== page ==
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post #1 of 11 (permalink) Old 09-07-2011, 12:41 PM - Thread Starter
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I decided to start my build log for my Antec 1200 case mod. Im gonna be doing a portal theme with this so there is going to be a lot of case painting so its going to take awhile. Ill update everytime i get something done, and today the first lay of primer painting and sanding.

Here's the before picture:

IMAG0018.jpg

im starting on the flat side. After sanding and cleaning (i didnt take pictures of the prep work frown.gif ) i put the first layer of primer down. Its what primer, as the only other color im going to be using is white gloss.

Here is it currently, just painted. I know there are 'waves' in the paint. The stupid tip of the can broke and sprayed randomly. Ill be sanding those parts down and putting atleast 2-3 more layers of primer.

IMAG0035.jpg

more to come as i figure out the design and stencil stuff im kicking around. Hopefully it comes out awesome smile.gif

Stay tuned

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post #2 of 11 (permalink) Old 09-07-2011, 12:59 PM
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Are you going to re-LED the 200mm fan?

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post #3 of 11 (permalink) Old 09-07-2011, 01:18 PM - Thread Starter
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yes that will be after the painting. Im planning on trying to make the front fans look sort of like portals. Also im gonna try and redo the inside with some LED's as well. I was thinking liquid cooling, but thats gonna take awhile....as i havent been keeping up with water cooling as of late and i would have to research it more

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post #4 of 11 (permalink) Old 09-07-2011, 05:29 PM
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Quote:
Originally Posted by ilhe4e12345;14855765 
Ill be sanding those parts down and putting atleast 2-3 more layers of primer.

Not sure why people put so much paint on stuff...?

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post #5 of 11 (permalink) Old 09-07-2011, 06:38 PM - Thread Starter
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Originally Posted by Furball Zen;14858895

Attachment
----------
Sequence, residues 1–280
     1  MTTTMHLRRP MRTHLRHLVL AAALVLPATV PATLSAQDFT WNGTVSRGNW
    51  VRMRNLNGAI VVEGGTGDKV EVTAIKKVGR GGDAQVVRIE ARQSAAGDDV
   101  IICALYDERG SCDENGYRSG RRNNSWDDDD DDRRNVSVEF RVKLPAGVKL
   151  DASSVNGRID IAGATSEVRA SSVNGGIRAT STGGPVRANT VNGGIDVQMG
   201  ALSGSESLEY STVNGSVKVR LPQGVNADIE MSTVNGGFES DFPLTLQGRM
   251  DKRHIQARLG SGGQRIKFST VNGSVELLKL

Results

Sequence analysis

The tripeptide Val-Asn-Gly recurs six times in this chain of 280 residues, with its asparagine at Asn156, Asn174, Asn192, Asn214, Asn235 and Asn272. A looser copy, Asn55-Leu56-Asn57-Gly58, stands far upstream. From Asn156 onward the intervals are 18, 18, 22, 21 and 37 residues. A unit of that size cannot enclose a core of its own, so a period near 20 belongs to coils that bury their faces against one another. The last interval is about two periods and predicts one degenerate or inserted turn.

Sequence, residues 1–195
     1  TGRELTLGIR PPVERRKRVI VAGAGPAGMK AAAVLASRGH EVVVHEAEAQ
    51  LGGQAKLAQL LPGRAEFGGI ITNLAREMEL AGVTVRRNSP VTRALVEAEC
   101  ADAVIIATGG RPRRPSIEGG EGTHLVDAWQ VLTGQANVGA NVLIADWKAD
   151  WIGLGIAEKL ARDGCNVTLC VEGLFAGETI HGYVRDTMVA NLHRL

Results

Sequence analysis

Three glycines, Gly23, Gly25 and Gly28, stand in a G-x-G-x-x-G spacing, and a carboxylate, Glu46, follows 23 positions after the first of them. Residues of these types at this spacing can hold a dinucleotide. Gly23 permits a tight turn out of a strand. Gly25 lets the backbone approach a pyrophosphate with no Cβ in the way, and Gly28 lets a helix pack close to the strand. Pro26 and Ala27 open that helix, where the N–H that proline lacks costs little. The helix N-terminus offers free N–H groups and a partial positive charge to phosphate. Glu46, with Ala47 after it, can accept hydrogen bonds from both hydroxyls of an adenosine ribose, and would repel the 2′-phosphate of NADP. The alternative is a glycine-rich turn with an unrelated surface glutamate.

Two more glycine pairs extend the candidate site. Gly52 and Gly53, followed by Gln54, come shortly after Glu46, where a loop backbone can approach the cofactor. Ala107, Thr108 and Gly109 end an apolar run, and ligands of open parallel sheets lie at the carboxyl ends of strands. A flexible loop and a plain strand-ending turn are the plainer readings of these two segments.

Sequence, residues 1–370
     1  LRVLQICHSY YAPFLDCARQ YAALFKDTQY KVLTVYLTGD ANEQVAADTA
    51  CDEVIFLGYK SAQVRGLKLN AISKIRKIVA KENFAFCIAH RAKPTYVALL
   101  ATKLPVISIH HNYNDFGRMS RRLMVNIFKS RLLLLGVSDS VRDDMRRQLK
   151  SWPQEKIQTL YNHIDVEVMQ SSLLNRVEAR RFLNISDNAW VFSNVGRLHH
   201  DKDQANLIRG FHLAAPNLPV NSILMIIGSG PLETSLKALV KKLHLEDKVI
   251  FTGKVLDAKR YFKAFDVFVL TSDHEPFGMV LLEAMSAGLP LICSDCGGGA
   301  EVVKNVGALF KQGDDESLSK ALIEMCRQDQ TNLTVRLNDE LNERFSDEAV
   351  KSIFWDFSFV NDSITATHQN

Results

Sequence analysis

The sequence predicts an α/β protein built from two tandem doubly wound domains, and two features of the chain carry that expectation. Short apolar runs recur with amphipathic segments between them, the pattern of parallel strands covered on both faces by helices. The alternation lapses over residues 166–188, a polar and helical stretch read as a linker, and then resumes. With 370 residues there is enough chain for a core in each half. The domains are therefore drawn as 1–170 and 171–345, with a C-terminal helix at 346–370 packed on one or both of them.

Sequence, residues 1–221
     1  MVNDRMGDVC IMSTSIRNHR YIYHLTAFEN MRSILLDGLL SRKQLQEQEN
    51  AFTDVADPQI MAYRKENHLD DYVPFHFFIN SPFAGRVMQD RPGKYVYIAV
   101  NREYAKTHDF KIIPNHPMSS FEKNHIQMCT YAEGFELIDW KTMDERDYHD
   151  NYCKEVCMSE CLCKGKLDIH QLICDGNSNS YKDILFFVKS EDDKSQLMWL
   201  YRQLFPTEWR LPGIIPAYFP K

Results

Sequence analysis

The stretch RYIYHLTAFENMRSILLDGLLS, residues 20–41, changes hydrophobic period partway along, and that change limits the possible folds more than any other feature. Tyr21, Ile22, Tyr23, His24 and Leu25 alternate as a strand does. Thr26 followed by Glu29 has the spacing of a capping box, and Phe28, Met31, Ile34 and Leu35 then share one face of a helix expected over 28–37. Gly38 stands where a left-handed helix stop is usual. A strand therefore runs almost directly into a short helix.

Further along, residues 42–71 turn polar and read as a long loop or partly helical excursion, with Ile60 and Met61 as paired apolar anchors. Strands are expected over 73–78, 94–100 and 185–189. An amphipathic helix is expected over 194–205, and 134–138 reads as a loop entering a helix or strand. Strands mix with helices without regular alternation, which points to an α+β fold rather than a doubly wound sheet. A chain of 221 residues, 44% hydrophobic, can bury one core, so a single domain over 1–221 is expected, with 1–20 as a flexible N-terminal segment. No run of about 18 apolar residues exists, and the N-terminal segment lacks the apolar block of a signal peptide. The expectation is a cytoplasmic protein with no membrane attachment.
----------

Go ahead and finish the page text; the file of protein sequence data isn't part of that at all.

Not sure why people put so much paint on stuff...?

only reason im putting another layer of primer on is to seal it well so it will have a good even layer that's all. That and i waved the paint a little on the first layer so i have to sand and repaint at least once :/

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post #6 of 11 (permalink) Old 09-07-2011, 09:18 PM
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Its painted metal right? Whats to seal? Just curious where your mind is going.

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post #7 of 11 (permalink) Old 09-08-2011, 10:21 AM - Thread Starter
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yes it is metal, but i have had issues in the past where the paint didnt stick well with the primer was all. I just want to be safe with it is all, as this is my first real case mod that i want to do the right way. Nothing wrong with being a little extra right? 2 layers of primer, 2 of high gloss white and she will look amazing smile.gif

That and like i said before i messed up the first layer by putting the waves in it so i want to correct that ASAP.

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post #8 of 11 (permalink) Old 09-08-2011, 12:14 PM
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Adding many layers of paint or primer is perfectly fine, as long as you properly prepare the original surface, use light coats and follow recommended drying times/conditions for the material, and properly prepare fresh surfaces between coats as necessary for appearance or proper adhesion (as specified by the manufacturer of your product).

There is nothing wrong with doing a few coats of primer, sanding each smooth between coats and removing the sanding dust/oils with alcohol. This if preferable if you going for a smooth look and high gloss or buffed finish. Your paint will only be as flat and smooth as whatever is under it.